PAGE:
2019 May 30, Un-Grooming Report;

2019 May 30, Un-Grooming Report;

In our tireless effort to keep you both up to speed, I am spamming you yet again.  When you get to use one of these in National Mine your day is not going as planned.  Always seeing 50% too much glass rather than questioning ½ full vs ½ empty I couldn’t help but wonder at my good fortune.  After all, I was comfortable in a summer jersey, there were no biting insects and didn’t even think about bringing a rain coat on the ride.

I was all set to run a photo of what was left of my derailleur but in haste left even the junked parts at the bike shop.  In the olden days of “10 speeds” and down tube shifting one could fine tune a bike with your eyes closed.  Don’t get me wrong, I always take the Tarmac over my chrome molly Trek (converted to a 12 speed mind you).  Of course, one of the positive aspects of road cycling is the long time between failure.  You get your bike out and ride; put it away; repeat.  Before and after a mtn bike outing you have the obligatory clean-up-fix-up step.

However, once in a while, hubris rears its unattractive head.  What a rookie mistake.  I haven’t gone over the top sprocket since either of you were born.  In the olden days such a mistake would leave one with an embarrassing set of tell tale dings on your spokes but little real damage.  I am reminded of advice once received at a sail boat regatta.  The winning skipper explained he used too heavy gear for the moderate breeze. He went on to explain that if it didn’t break it was too heavy (of course, it goes without saying, if it did break it was too light).  Well, my faux pas ripped my derailleur and the hanger right off the frame.

So I am on the side of the road attempting to turn my 18 speed into a one speed without a cage.  It looks easy on paper; you know, just like using  a bow drill to start a fire.  You need to set the chain length just right and pick the sprocket that is right in line with the chain ring.  Well, my chain ring plane is imperfect and every few rotations the chain would jump.  So, walking into Ishpeming pushing a bike drew the attention of three cyclists with a month’s worth of gear on panniers. They were looking for some local knowledge on the best way to Marquette.  They are in the middle of a ride to Nova Scotia!  They were headed into an adult establishment for libation after a long day in the saddle so I said, “let me fix my bike and we can ride in together.”.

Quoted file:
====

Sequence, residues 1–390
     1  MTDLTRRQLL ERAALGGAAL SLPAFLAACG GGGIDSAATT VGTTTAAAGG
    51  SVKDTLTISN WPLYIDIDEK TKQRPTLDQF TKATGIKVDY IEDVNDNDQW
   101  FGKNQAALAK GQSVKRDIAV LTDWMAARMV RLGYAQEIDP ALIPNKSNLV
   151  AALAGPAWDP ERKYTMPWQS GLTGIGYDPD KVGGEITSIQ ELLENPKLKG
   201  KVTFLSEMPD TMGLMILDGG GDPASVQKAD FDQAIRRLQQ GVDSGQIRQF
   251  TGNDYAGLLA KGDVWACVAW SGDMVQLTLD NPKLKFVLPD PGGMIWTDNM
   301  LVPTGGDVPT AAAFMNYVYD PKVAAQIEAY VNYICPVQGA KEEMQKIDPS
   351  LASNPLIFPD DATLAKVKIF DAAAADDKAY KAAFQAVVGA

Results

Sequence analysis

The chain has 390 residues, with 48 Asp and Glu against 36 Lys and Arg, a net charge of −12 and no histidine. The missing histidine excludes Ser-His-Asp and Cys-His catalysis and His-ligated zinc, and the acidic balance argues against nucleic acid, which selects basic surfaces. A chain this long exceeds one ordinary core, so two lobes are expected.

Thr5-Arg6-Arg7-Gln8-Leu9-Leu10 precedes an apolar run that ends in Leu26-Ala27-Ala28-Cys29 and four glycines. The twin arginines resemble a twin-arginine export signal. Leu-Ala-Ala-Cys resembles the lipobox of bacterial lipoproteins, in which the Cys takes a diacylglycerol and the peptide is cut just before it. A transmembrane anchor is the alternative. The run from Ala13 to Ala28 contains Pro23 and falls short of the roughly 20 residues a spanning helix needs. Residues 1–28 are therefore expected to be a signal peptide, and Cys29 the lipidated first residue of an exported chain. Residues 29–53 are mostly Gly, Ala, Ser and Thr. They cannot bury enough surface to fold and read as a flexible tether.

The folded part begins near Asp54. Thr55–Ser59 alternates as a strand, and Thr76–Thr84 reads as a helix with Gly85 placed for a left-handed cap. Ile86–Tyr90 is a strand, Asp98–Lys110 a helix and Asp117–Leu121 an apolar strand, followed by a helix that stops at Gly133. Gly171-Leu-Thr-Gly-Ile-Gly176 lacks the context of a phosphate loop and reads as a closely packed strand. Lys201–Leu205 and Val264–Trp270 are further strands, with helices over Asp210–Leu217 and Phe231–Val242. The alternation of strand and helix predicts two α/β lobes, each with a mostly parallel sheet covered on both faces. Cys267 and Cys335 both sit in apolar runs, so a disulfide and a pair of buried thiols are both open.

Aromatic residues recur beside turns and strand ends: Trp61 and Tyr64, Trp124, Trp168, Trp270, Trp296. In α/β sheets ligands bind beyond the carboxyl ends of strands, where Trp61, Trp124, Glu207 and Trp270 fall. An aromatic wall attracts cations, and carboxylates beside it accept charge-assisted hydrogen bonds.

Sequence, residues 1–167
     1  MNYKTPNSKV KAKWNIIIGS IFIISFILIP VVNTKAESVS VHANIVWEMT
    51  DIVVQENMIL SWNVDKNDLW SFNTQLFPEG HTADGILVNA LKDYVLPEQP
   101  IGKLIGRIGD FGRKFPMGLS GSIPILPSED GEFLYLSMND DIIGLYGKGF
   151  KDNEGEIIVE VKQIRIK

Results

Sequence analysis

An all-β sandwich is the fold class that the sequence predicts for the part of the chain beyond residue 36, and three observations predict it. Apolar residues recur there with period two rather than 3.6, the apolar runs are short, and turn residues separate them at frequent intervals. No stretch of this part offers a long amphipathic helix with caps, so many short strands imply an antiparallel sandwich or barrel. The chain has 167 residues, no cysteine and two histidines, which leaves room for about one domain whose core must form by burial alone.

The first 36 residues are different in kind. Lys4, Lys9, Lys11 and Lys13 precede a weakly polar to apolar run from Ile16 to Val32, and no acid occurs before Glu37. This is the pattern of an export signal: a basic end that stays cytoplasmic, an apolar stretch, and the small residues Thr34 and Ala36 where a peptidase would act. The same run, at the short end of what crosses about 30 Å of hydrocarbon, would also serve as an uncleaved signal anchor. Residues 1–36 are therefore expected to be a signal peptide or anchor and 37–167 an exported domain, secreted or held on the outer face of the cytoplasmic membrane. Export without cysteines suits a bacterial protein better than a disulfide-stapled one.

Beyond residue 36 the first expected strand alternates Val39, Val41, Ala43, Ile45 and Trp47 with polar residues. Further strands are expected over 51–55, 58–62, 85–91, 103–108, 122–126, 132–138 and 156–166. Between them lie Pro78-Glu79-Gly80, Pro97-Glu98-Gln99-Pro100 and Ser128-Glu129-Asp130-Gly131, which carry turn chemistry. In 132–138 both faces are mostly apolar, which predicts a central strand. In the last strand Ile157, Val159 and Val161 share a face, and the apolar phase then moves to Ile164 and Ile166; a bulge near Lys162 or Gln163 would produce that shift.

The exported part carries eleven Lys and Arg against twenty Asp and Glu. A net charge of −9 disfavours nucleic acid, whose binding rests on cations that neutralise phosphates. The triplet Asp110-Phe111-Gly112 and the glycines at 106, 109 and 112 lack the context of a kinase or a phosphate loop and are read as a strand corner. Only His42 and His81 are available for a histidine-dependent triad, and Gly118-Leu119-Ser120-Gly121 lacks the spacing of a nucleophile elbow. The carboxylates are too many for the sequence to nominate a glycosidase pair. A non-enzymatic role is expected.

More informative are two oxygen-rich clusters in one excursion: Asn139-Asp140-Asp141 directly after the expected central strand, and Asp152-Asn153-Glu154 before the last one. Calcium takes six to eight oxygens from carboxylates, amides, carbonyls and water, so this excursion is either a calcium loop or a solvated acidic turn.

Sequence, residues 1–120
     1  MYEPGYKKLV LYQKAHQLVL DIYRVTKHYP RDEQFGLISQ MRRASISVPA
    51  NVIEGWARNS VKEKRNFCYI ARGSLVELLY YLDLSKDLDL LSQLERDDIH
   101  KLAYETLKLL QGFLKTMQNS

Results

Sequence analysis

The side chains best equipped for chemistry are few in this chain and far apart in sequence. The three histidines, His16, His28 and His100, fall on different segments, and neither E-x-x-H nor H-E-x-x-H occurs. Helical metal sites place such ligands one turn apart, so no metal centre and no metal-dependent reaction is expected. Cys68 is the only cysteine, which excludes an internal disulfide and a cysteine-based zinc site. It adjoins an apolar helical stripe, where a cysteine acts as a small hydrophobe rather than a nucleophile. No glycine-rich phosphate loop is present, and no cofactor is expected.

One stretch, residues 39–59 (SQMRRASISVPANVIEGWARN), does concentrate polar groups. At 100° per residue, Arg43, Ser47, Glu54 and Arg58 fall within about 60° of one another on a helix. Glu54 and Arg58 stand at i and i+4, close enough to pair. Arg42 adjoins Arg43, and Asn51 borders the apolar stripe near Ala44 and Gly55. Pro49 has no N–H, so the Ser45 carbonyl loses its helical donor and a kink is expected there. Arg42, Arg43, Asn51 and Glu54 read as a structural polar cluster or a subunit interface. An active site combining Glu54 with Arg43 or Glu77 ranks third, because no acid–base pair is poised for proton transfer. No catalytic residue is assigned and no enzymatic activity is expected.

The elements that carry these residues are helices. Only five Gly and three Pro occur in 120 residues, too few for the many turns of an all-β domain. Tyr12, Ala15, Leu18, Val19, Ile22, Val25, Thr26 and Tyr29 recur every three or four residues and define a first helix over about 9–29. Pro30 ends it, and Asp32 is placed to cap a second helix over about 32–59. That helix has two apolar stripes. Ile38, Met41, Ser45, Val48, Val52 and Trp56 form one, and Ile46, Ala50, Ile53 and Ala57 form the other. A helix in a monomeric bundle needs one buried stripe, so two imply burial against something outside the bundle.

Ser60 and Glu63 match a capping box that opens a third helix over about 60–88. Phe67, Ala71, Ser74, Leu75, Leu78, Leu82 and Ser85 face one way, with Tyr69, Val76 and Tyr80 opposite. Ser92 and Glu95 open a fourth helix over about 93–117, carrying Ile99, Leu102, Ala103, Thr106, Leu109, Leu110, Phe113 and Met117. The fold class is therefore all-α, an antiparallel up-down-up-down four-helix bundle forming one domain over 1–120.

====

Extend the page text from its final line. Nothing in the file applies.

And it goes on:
To my great good fortune, Spenser Prusi just opened a bike shop in Ishpeming that day!  Seeing me walking with the bike, Spenser dropped what he was doing, put the bike on a stand and set about the task of getting me on the road.  What a great shop.  Check it out; The West End Bike and Ski shop; and say hi to Spenser.

I returned to the bar and after a libation of my own, the four of us set off for the run to Marquette.  All was going according to plan when entering Negaunee my chain blew apart.  Walking into Bucks store to see if I missed the last bus to Marquette a nice man with a pick up truck asked if I could use a ride.  He was heading to Marquette and gave me a ride right to my door.

I have bothered you both in order to underscore how lucky we are to live in such a place.  Imagine, we get to live in a place where we can do these things every day.  So too, it is not everywhere that that people drop what they are doing and go out of their way to fix your day.  Here is to hoping your next break down is as easy.

See you out there.

Sondo